NT 8: Marriage Feast at Cana Object Lesson

Through Jesus Christ we can be transformed.

Change and transformation are two of my favorite Gospel topics. I find it so compelling that a person can identify character traits, desires, behaviors and more that they want to refine or change and become a new, better person. The source of the power that effects those changes? Jesus Christ.

This morning I retold the story of the marriage feast at Cana (John 2:1-11, NT). My kids could understand how special the occasion was and that running out of wine was a big problem. Thinking ahead, I had poured a glass of apple cider and hidden it on my counter. As I told my kids how Jesus’ mother instructed the servant to “do whatever he tells you,” I pulled a matching glass out of my cupboard and filled it with water to illustrate Jesus’ instructions. I turned my back to the kids while describing the instructions to fill a cup and take it to the governor of the feast. I poured some of the water into my pre-filled glass of cider. Swapping the glasses, I handed the apple cider to one of my kids and asked her what her drink tasted like. Apple cider!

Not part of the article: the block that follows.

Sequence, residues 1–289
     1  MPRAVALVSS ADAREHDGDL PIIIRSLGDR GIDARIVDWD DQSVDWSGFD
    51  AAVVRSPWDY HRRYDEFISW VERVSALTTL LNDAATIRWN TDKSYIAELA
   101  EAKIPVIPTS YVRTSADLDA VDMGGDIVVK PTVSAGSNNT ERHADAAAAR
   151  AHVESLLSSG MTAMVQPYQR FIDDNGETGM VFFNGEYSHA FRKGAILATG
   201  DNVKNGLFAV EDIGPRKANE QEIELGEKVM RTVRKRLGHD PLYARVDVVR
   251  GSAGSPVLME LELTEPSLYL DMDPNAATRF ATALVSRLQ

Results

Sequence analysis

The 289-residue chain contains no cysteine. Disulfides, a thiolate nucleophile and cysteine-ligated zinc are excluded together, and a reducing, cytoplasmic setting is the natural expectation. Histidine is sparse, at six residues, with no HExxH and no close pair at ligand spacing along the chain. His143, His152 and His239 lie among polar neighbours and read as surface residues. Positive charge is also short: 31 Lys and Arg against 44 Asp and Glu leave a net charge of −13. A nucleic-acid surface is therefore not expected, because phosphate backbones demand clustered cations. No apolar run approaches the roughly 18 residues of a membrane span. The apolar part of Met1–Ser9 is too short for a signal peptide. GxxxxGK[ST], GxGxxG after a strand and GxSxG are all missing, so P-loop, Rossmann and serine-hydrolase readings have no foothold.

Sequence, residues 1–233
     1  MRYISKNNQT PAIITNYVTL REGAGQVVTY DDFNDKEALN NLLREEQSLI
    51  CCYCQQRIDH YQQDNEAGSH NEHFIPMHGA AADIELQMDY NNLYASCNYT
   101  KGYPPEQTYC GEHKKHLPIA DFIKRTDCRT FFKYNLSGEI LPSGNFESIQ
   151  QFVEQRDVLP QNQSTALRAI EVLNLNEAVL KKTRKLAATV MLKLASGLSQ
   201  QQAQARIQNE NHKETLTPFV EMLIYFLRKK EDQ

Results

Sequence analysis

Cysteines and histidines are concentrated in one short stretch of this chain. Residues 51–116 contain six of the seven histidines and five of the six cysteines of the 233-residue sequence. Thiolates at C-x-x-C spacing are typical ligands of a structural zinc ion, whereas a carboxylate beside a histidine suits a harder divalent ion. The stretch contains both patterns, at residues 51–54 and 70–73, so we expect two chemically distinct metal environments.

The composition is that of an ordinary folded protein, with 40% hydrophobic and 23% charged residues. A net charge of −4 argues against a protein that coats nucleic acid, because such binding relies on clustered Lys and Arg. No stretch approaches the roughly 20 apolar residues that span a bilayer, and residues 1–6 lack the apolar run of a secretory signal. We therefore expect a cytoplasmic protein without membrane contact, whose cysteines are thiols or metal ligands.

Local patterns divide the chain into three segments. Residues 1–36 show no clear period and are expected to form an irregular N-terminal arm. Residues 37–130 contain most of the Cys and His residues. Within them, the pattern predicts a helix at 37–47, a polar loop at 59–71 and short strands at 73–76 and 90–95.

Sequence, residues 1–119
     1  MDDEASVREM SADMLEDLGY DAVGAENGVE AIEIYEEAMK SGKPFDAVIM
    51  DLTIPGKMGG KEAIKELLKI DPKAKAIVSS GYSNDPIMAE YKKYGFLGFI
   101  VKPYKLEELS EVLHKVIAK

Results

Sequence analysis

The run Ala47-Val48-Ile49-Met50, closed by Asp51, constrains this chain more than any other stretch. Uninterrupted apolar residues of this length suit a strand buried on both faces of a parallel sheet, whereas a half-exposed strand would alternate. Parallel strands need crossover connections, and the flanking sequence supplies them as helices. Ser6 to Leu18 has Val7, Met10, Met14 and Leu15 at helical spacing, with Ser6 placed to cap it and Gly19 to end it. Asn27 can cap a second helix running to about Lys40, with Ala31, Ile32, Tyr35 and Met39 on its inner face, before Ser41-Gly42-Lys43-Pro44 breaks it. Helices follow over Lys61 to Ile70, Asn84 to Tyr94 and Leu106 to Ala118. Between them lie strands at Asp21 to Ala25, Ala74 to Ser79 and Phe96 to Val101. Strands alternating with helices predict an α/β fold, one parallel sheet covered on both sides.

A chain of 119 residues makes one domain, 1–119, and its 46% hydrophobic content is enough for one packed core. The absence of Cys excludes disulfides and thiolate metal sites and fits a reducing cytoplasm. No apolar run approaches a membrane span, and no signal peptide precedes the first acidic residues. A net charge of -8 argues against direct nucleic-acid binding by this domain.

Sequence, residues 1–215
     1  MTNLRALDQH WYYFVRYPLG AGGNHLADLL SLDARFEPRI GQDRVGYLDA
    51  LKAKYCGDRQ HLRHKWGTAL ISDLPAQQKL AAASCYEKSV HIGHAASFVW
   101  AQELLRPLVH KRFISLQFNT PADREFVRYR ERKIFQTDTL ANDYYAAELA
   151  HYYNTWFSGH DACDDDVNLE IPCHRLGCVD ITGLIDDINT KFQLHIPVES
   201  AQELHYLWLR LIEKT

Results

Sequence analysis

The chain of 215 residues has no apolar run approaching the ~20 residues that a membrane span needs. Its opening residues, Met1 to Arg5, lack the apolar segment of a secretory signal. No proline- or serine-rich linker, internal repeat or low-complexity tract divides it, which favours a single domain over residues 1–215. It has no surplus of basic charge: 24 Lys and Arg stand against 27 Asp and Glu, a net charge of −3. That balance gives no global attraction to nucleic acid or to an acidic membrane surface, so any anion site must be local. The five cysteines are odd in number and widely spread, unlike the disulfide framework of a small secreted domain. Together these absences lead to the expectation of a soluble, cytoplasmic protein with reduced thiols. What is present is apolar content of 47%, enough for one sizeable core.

We talked about Jesus’ divinity and how he could transform water into the best wine. The kids had good thoughts to share about Jesus’ power to create, change things, and transform them. I testified of His power to transform us if we will identify those parts of our lives we want to change and seek His help.

Day 15: Righteous judgment

2 Nephi 21:1-5

This prophecy of Jesus Christ describes just some of the attributes that define His divine nature. Wisdom, understanding, counsel, might, knowledge, and the fear of God (respect and obedience) are all hallmarks of a righteous character.

The defining of Christ by what He is not in verse three invites a comparison between divine nature and mortal conditions. The five senses define mortality’s obvious means of interacting with the physical world, gathering information, and more. Indeed humans rely on the five senses as necessary and indispensable to gaining knowledge and making judgments about the world around us.

But Christ “shall not judge after the sight of his eyes, neither reprove after the hearing of his ears” (v. 3, emphasis added). Rather than relying on the standard mortal means of observing, knowing, and judging, Christ relies on His divine characteristics.

This suggests to me that mortal means of seeing and hearing are not fully sufficient to comprehend truth nor to make the best judgments. Luckily for us humans, we can access the divine part of ourselves and further foster Christ’s divine attributes in order to “see,” “hear,” and understand truth. Righteous judgment requires godliness—the divine parts of ourselves coupled with refined, godly characteristics.